You are hereFrequently Asked Questions / Regional Centers -- Features, Benefits & Requirements / [HOT] [Q] Some say for a RC EB-5 case, all you have to do is prove the job-creation at I-526 stage? True?
[HOT] [Q] Some say for a RC EB-5 case, all you have to do is prove the job-creation at I-526 stage? True?
[Q] Some RCs and/or attorneys take the position that for RC EB-5 case, job-creation needs to be shown only at I-526 petition through use of "reasonable" methodology. Is this true?
No, it's not as simple as that -- far from it. USCIS has already spoken very clearly on this issue through its carefully-crafted June 24th 2009 Neufeld guidance memo and USCIS' responses to Ombudsman's EB-5 recommendations. Basically, USCIS stated that although a "reasonable" methodology can be used at I-526 petition stage to estimate a future job-creation number, the underlying assumptions and/or variables on which the future job numbers were based will be re-examined at the I-829 stage by USCIS examiners, although the methodology itself will not be re-examined. In our opinion, this was the only position USCIS could have taken. Anyway, do not rely on our answer here; read the Neufeld guidance memo and USCIS' response to the Ombudsman's EB-5 recommendations and then decide for yourself what they say.
Even if all the jobs are created indirectly, underlying key assumptions and/or variables must be verified at the I-829 stage. We would actually love it if USCIS takes the position that it will not check the underlying assumptions and/or variables at the I-829 stage, but that just is NOT going to happen in our opinion, unless EB-5 statute itself is amended by Congress. As long as the EB-5 Program's underlying purpose is to create jobs, then USCIS is not going to budge from this position -- unless EB-5 statutes are amended.
Let me give you an example. Assume I-526 petition contains an IMPLAN methodology stating that within 3 years 300 direct and indirect jobs will be created in the applicable geographic region, based on spending of $100 Million and based on 70% occupancy by commercial tenants. Now, the economist who wrote up this job-creation estimate studies probably did a good job, but if you were USCIS, wouldn't you want to check at the I-829 stage that at least $100 Million was spent and there is 70% occupancy rate? If you answer "no", you are either a very nice guy or don't really care about the job-creation. In our opinion, if you don't check whether the assumptions actually were met at the I-829 stage, you will see all sorts of methodologies with inflated job numbers submitted at the I-526 stage, never to be reviewed. [I actually think they should lower the require job number from 10 to 5, but Congress, not USCIS, has to do this through statutory amendments.]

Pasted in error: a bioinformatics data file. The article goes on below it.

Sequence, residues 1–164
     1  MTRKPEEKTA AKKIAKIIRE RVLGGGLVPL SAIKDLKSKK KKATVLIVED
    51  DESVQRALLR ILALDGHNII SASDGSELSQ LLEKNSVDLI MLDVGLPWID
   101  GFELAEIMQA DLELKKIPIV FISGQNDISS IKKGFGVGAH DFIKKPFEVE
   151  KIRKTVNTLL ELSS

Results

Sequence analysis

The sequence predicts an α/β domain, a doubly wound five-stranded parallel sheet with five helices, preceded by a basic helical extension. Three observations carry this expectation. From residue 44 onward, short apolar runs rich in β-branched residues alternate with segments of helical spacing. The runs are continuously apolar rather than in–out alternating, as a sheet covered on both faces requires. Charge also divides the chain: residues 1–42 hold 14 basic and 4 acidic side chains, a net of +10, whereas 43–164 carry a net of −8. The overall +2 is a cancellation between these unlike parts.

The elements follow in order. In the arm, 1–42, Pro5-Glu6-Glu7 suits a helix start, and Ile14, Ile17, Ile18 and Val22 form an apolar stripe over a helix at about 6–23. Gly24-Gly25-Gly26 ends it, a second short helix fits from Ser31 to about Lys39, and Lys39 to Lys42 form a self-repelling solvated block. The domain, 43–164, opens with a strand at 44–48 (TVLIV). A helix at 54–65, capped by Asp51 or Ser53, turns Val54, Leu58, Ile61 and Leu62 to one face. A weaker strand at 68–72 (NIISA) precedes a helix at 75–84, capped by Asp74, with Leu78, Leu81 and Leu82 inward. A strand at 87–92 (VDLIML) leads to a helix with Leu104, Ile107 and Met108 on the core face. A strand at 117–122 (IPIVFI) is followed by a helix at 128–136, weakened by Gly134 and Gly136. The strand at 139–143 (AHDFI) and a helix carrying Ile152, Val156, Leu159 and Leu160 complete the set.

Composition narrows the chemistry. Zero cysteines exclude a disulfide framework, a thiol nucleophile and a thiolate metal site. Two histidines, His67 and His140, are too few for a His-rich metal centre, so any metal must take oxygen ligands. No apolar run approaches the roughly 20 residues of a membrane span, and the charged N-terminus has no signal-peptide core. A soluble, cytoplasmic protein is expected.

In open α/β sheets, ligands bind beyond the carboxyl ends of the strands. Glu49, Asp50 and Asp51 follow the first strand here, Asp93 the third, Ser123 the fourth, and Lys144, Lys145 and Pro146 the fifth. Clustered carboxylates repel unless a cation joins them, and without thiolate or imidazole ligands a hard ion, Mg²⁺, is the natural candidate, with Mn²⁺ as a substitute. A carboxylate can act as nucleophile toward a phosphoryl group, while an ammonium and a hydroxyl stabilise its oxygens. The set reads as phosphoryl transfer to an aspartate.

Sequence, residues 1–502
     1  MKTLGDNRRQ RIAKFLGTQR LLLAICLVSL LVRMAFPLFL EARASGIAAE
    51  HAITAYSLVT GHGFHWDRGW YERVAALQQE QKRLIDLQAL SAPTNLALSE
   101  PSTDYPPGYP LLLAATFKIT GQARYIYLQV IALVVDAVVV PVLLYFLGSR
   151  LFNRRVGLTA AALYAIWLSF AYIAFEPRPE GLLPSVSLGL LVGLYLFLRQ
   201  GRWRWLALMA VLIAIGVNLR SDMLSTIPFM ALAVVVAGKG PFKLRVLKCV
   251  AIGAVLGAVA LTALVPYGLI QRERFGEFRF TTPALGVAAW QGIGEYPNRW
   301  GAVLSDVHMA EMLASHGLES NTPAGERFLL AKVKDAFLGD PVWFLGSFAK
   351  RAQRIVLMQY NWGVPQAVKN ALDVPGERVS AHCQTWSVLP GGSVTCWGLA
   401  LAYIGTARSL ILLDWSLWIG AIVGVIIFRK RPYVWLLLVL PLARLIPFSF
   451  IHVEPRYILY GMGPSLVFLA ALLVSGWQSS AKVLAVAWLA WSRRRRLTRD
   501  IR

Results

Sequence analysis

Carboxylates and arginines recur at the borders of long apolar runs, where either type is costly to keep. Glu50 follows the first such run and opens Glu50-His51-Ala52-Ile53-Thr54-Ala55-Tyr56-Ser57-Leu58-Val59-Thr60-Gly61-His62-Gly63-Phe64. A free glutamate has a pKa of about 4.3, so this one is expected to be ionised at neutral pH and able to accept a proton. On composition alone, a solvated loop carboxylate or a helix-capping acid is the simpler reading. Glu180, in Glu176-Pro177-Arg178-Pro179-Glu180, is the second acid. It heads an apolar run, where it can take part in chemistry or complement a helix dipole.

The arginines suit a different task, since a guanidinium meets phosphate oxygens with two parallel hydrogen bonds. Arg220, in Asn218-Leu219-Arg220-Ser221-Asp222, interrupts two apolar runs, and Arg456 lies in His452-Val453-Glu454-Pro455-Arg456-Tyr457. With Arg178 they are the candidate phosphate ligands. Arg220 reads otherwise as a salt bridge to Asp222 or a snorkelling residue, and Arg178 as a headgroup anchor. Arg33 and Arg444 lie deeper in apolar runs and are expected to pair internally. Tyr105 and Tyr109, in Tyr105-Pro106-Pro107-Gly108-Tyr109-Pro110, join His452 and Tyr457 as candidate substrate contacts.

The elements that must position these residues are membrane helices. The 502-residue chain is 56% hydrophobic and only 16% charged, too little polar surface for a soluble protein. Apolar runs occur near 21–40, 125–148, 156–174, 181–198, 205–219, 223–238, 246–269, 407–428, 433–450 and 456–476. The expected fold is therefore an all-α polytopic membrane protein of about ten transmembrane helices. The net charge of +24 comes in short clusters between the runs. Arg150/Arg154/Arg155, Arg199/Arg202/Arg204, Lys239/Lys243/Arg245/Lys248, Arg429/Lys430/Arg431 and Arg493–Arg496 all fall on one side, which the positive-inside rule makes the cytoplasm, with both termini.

Lastly, USCIS has always been pretty clear on this issue ever since RC Program re-emerged in 2003; therefore, it's not as if USCIS ever stated otherwise or misled anyone on this issue. Having said this, we would be just fine with any statutory amendments doing away with this requirement, but we just don't think this will happen. The day it does happen, we will stop the operation of this website and we might even try to set up a RC Program of our own. :) Just kidding. Anyway, we would recommend that the required job numbers be lowered to 5 from 10 and make it easier for RCs and regular EB-5 projects to meet the job requirement. We actually think having to create 10 full-time jobs is an outrageous requirement now days, especially for non-RC EB-5 project. I think American public and politicians will also support this change.
Am I going overboard when I say that any immigrant who creates even 5 full-time jobs should not only be given green card but be toasted by the Americans living in his neighborhood?